(La Mujer del anarquista)
Spanish with English Subtitles
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“No pasaran! – They shall not pass!” was the legendary battle cry the Republican defenders of Madrid hurled at the fascist aggressors. In the winter of 1937, a young woman, Manuela, hastens through the streets of the besieged city, with her little daughter Paloma. Her husband, the lawyer Justo Alvarez Calderón (28), battles Franco at two front-lines at once: On the radio, where he has become the “Voice of the Revolution”, and in the trenches close to Madrid. He demonstrates that when it comes to freedom heroes know how to add credibility to their words gun in hand. Love, belief in justice, and the healing powers of family bonds are the structure of this true story.
His wife and children are Justo’s most precious possessions. For them, the man, whose name is no coincidence, risks his life every day. He wants to give them a life in dignity. A life, he only deems possible in a climate of political freedom where each and everyone is allowed to make his choices unimpeded. While he is away on a mission in the North of Spain, already cut off from the capital by fascist troops, an air strike from the “Condor Legion” destroys the family home. Manuela and her children seek shelter in the rooms of Justo’s office, already partly occupied by the homeless family of Justo’s secretary.
Once more, Justo succeeds in defying the enemy’s antiaircraft to come and see his loved ones. Manuela does not know it but it will be their last reunion for many years to come. War unveils its face in all of its tragedy and Justo’s trace is lost in the wake of the retreating Republican Army. For almost ten years, Manuela will now remain in the dark whether her husband is alive or dead.
Terror and denunciation are the means by which the victors stabilize their power. Francisco, Justo’s estranged brother, works for them. Yet, he also does his utmost to help Manuela whom he has always secretly admired and envied his brother for.
Fate deals Manuela another cruel blow: Rafael, her son, dies at the tender age of four. World War II is not only destroying all of Europe but it has also vanquished her hope of ever finding Justo again in France. Her love for Justo and her unique ability to draw strength from her imagination help her endure the years of despair, social descent, and isolation.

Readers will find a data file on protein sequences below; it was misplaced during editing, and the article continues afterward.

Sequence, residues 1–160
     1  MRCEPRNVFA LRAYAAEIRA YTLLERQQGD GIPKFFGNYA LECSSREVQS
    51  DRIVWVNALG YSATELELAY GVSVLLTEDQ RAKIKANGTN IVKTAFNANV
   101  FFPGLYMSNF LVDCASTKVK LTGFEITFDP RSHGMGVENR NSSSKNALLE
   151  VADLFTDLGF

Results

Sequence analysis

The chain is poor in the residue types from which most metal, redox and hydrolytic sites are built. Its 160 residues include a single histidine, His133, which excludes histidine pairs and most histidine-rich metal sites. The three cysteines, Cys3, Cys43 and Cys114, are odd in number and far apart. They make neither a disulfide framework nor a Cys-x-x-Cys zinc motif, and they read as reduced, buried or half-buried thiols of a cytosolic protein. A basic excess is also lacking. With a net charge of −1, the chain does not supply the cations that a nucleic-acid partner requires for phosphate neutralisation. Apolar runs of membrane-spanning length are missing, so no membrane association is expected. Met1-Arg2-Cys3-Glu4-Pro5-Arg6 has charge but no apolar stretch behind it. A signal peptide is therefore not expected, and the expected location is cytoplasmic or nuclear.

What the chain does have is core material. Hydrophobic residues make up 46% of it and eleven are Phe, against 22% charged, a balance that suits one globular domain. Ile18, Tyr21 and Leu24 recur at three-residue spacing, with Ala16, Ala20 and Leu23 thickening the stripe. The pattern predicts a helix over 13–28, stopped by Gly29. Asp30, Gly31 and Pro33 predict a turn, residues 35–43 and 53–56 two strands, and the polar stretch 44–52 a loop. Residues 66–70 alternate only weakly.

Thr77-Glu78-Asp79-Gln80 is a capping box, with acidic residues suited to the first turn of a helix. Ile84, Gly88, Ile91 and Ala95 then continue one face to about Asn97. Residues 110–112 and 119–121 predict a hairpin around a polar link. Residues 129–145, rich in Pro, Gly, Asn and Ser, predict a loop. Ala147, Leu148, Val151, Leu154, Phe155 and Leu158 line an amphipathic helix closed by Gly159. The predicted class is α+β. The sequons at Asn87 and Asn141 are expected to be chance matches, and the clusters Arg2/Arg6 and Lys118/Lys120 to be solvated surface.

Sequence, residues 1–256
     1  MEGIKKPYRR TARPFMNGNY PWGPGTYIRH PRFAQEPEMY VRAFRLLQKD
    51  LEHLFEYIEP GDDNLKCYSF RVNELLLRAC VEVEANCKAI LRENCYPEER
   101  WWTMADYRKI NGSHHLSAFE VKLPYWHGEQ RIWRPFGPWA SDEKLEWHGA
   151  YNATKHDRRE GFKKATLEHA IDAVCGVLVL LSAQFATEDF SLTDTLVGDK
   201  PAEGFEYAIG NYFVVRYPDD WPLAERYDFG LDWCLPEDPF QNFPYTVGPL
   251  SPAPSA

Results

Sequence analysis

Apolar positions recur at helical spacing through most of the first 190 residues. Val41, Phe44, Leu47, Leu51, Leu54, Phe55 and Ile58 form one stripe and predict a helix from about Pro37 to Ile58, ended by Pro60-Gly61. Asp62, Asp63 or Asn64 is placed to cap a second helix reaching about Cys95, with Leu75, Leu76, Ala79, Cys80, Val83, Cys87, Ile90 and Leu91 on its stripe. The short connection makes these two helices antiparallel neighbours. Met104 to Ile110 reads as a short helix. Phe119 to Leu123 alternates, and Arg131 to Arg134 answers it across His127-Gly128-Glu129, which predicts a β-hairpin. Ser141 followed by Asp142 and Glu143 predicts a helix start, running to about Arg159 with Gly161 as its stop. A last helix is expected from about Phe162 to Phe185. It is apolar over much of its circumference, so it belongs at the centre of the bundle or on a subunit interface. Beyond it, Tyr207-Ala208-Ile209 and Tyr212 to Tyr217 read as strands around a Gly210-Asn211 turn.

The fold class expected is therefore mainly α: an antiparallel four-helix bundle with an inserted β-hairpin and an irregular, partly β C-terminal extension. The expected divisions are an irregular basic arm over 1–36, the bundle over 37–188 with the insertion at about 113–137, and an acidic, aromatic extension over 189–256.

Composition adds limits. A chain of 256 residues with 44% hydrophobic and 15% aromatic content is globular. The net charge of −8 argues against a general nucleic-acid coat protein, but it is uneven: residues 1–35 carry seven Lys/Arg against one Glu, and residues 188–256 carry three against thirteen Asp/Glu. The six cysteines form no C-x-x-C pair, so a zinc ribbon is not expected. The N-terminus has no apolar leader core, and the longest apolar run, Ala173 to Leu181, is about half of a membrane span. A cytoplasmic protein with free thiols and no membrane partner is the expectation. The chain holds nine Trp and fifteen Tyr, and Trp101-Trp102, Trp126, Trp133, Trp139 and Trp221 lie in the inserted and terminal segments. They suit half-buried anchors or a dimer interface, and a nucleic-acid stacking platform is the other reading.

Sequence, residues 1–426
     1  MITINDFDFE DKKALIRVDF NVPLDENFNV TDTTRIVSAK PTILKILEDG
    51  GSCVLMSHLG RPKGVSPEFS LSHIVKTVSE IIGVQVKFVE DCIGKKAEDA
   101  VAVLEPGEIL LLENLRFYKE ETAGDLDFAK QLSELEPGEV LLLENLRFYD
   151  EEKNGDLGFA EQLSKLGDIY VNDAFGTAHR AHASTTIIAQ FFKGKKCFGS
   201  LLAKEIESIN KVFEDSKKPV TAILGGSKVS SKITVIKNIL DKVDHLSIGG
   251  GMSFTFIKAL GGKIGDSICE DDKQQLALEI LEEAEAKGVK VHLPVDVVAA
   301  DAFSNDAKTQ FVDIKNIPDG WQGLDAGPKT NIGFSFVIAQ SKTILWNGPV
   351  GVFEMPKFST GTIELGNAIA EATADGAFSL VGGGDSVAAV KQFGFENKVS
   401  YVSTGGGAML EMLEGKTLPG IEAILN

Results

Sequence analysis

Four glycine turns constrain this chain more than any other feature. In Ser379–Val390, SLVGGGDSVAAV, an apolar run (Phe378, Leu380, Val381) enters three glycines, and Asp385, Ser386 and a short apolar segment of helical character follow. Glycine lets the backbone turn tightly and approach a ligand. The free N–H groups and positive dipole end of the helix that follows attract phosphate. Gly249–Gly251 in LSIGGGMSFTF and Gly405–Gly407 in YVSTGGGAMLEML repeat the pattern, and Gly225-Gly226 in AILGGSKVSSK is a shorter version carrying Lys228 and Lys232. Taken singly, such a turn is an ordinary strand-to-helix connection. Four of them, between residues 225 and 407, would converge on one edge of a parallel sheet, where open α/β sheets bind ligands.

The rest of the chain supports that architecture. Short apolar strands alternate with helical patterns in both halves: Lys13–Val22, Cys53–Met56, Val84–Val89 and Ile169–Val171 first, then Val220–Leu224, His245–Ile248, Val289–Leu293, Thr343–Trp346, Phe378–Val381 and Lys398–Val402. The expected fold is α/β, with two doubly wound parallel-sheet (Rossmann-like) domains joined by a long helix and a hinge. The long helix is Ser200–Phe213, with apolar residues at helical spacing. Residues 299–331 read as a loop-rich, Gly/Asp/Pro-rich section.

But just as she appears to hit rock bottom, this low point reveals itself as a turning point. At the end of World War II, a picture of Mauthausen prisoners a French newspaper puts her on Justo’s track. They meet again in a small provincial town in France. Their reunion is a happy one; however, the years of separation have also alienated them.
Scarred by his experiences in the war and in the concentration camp, Justo has returned to his fight for democracy. He actively and clandestinely supports the libertarian groups in Franco’s Spain. Gradually, Manuela and Justo succeed in rebuilding their family. The love, confidence, and unbroken faith in the ultimate victory of justice they share, fills the rift between them before the day of liberty finally dawns for Spain.
From 1937 to 1960
In the Spanish Civil War, Spanish democrats, royalists, communists and anarchists form an uneasy truce against fascism. Franco’s victory strengthens Hitler’s and Mussolini’s position, both of which have supported his cause politically and militarily. The history of the 20th century would have been a different one, had the Republican Army been able to defeat Franco’s troops. It was an unstable period in world history that transformed society and eventually gave rise to the Europe of today.
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